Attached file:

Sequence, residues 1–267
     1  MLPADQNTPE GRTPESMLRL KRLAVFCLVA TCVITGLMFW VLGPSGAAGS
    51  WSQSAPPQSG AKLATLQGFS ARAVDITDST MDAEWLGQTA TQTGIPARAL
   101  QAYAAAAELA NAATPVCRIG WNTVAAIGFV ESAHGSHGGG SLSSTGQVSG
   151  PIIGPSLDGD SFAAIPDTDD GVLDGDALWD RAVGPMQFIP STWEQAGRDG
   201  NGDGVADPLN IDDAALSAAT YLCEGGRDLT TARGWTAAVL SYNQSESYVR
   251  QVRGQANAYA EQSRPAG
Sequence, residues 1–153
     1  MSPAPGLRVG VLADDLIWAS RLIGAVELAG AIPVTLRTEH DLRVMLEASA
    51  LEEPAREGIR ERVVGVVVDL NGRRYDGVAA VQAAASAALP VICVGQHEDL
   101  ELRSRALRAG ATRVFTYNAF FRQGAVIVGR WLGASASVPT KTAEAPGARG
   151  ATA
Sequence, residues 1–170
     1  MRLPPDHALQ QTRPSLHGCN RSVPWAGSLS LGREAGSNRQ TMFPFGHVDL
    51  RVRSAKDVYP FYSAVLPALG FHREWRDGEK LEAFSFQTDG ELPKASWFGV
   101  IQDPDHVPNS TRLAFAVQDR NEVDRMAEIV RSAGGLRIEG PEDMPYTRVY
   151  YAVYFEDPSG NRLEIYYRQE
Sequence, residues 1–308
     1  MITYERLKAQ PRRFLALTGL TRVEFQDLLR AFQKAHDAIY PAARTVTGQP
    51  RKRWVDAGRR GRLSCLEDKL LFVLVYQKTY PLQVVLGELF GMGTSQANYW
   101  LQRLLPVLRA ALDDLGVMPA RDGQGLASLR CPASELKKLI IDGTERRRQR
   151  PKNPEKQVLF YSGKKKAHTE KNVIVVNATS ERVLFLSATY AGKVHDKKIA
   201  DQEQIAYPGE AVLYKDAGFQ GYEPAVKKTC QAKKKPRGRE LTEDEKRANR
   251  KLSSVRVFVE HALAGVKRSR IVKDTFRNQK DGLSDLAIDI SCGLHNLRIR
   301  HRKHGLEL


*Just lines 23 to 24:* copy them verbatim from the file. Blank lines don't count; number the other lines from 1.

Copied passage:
   201  DQEQIAYPGE AVLYKDAGFQ GYEPAVKKTC QAKKKPRGRE LTEDEKRANR
   251  KLSSVRVFVE HALAGVKRSR IVKDTFRNQK DGLSDLAIDI SCGLHNLRIR